Romantic racism

Perusing the internets a while back, I came across this picture posted on a prominent pro-liberal web forum:



The image certainly reflects the mentality of a very vocal subset of liberals who, right or wrong, see western civilization as having gone off the rails. They are a people who desire a simpler existence uncomplicated by the deleterious effects of mass production, corporate capitalism, and a materialist, consumer-oriented culture. Like the Beat-generation before them, these “modern primitives” have latched onto fringe cultures they feel buck against the dominant culture in their own societies. We’ve all met them; they are the  ones throwing money at Deepak Chopra or pretending to be Native Americans. While it is worth pointing out I generally disagree with their assessment of western cultures, that’s not what bothers me about the picture. Rather, what gets me is the unashamed, flagrant, and patently illiberal racism of the whole thing.

Native peoples are not magic. They experience the same range of human emotions as do the rest of the us, of which stress is most certainly a part. They have the same capacity for good, and for evil. They laugh, they cry, they know happiness and they know suffering. Their lives, generally, are far from idyllic. They know things we in the west have forgotten. Things like pestilence, disease, and famine. They know what it is like to lose a wife or a child at birth, to watch a loved one die of sepsis, to see a son or daughter die of a simple childhood illness.

The picture, simply, is a lie. It is nothing more than a fantasy projected upon a native people by a person who very likely never met a single member of their tribe, let alone lived among them. They do not know what it is like to live in an isolated community in the hostile hinterlands of the world without access to modern conveniences most people living in the first world take for granted. They do not know what it is like to live without regular access to food or clean water, without access to basic medical care, or without a comprehensive education. They have never seen a loved one die from a treatable illness, and have never had to wage war against a neighboring town for access to life-sustaining resources. Completely and entirely without qualification, they assert abject poverty enriches life rather than detracting from it, and, all the worse, that we should actually aspire to become poor ourselves.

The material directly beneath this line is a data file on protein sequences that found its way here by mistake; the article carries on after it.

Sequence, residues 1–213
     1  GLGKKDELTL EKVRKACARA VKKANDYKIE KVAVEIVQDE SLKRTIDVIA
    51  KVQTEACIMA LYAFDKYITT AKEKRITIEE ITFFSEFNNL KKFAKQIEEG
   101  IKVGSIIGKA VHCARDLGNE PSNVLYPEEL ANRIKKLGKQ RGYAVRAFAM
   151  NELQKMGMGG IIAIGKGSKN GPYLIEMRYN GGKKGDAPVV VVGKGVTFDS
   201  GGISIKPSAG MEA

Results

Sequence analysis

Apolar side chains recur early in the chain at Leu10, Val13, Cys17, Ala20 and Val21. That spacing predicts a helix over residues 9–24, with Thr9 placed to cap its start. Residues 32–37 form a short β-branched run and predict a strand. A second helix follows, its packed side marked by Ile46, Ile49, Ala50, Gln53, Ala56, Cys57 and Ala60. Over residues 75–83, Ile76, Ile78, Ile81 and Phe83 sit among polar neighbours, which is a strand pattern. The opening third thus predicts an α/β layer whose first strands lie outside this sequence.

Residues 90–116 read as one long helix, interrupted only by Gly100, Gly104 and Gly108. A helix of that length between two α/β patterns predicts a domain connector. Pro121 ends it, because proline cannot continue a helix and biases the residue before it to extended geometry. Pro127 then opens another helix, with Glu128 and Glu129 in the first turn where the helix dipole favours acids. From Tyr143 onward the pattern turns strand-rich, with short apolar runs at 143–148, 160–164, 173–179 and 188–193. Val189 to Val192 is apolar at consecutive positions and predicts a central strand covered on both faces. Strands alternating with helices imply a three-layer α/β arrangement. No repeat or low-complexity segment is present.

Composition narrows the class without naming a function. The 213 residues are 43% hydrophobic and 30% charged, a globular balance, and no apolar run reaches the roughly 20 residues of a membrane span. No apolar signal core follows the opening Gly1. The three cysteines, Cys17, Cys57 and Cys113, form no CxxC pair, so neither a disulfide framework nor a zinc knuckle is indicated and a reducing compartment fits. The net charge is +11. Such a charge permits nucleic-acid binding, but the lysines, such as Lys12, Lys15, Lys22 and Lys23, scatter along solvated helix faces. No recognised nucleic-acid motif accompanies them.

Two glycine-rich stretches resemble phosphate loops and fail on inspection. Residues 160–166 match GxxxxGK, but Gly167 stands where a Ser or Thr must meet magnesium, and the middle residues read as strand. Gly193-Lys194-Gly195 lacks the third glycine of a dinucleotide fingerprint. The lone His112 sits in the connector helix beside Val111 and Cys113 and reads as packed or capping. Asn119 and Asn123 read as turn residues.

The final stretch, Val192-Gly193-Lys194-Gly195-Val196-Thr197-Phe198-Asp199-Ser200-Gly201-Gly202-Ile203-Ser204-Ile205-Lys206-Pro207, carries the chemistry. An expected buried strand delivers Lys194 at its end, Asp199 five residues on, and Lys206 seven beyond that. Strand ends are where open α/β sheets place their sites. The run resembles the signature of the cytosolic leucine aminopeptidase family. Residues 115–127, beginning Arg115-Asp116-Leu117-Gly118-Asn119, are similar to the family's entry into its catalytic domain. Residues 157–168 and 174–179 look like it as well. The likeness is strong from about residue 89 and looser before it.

I, for one, am happy for modern conveniences. I don’t have to worry about dying from tooth decay. I’m not overly concerned as to where I will find my next meal (the refrigerator is a good bet). If I need a drink of water, I know where to find the tap. That there are people still living without these comforts is not, as the creator of this picture presents, a tacit approval of the primitive life. We have to ask ourselves: if what few traditional tribes remaining today were not geographically or economically inhibited, would they choose modernity or traditionalism?

I’m not going to pretend I know the answer to that question, but what I do know is this: there are many such tribes who are presently reliant upon modern charities for even the most basic of human necessities, such as food, water, and clothing. Pretending tribal life to be a carefree utopia not only denies their basic humanity and the harshness of their lives, but denies that they are in any kind of need at all.

Poverty isn’t carefree. It isn’t pleasant. It isn’t noble, or romantic, or admirable. It is a ruthless mistress, and I wouldn’t wish it on anyone.


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